So it was with Mary when she sees him at the temple conversing with the teachers, when he remarks about being in his father’s house. Then, Mary recalled the things concerning this child that few knew: the angel, the pregnancy, the birth, the shepherds, the wise men, the flight to Egypt
What was this Messiah who conversed with the teachers in Jerusalem? Who rebuked her, yet submitted to her? Who grew in favor with God and man?
Often we know that God is at work, but we don’t always know what that means. We see His hand, but we must wait to see what it all means because just as with Mary the whole story wasn’t known to her at the time
So for us, too, little messages come at times to remind us that things are not always as they appear. There is a bigger and greater plan going on. We’re a part of it somehow, but we don’t always know how. In the end we watch and wait; we wait to see what will be revealed through all the little intimations of a spiritual work that lies beyond us. 
—the parishioner who doesn’t do anything

Friday, February 26, 2016

Coming Home

Dear Christa—
Coming Home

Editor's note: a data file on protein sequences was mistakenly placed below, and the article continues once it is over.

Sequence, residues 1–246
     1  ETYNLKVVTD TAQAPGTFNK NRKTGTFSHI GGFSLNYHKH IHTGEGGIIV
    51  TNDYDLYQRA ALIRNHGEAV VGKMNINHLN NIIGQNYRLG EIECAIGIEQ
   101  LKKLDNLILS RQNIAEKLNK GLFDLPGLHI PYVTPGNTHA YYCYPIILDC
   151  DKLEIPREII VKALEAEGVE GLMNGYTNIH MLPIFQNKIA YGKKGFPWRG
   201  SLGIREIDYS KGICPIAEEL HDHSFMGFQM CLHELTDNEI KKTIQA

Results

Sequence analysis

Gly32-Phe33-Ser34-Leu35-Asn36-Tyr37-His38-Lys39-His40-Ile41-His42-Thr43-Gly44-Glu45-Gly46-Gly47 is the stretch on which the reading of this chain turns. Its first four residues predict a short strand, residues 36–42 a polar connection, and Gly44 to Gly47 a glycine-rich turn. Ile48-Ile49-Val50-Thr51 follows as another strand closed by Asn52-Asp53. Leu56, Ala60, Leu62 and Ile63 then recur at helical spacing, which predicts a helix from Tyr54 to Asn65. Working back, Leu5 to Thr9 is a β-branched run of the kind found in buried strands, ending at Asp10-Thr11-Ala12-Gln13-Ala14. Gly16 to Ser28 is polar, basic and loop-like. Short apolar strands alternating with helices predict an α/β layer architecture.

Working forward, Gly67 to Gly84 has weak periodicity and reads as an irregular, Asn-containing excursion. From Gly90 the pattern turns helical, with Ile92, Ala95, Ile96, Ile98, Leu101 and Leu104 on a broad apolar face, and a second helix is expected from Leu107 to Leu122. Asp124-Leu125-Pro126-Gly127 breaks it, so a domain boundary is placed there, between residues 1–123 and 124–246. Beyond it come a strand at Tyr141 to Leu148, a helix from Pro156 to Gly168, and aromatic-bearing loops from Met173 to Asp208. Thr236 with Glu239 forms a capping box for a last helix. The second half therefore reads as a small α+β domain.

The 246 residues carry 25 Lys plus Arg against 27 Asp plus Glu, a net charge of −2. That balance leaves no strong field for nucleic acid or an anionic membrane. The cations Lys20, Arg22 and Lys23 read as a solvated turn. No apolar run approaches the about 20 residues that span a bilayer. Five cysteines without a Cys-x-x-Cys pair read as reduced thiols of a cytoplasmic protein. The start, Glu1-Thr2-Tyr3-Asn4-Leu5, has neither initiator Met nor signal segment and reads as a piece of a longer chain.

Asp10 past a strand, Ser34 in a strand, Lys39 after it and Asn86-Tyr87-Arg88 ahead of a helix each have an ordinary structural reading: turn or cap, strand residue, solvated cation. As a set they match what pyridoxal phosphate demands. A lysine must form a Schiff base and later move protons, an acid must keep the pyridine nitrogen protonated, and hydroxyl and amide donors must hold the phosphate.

Shortly, Joy, Shane, and his mom will load up the cars, pick up the dog, and set their direction toward Colorado. After two years in the Northwest, they are coming home. In many ways, it seems to me, it has been a difficult time. They’ve moved 5 times. One house caught fire once and flooded twice, all within a few months’ time.
When they left, my mom was here, and she was downcast, feeling that she would never see them again. It wasn’t so. She came to Colorado the last 2 summers when they were visiting. Their leaving and coming were both quick opportunities, which shows that circumstances, good and bad, can change in a moment—when we least look for them. 
Many good things happened too, and I think they will look on their days in Seattle with many fond memories. Yet, there are good expectations about coming home: a new job, living near family and old friends, waking to sunny skies—
Since they will stay with us until they find a house, we’ve been preparing. The bedrooms are ready. A shiny new, sturdy gate is installed. By tomorrow the cleaning supplies under the sink will have found a new storage home. Even the geriatric Molly dog is going to the groomers for a bath.
I am reminded that life can change for us on a pivot—a mere bending of God’s design. It should cause us to take heart when we find ourselves under cloudy skies as tears of rain wash over and through us. In a twinkling—in a phone call or text, in the smile of a friend—a whole new (or somewhat old) door can open before us. And sometimes, it’s like coming home.
One day, 
too, the door will open to a spiritual entrance—into the very throne of God. There we will put aside the good and the bad of the past. We will walk to a place that has been especially prepared for us. 
We will turn around and take in all the wonder. 
And we will know—
We’re home.

—the parishioner who doesn’t do anything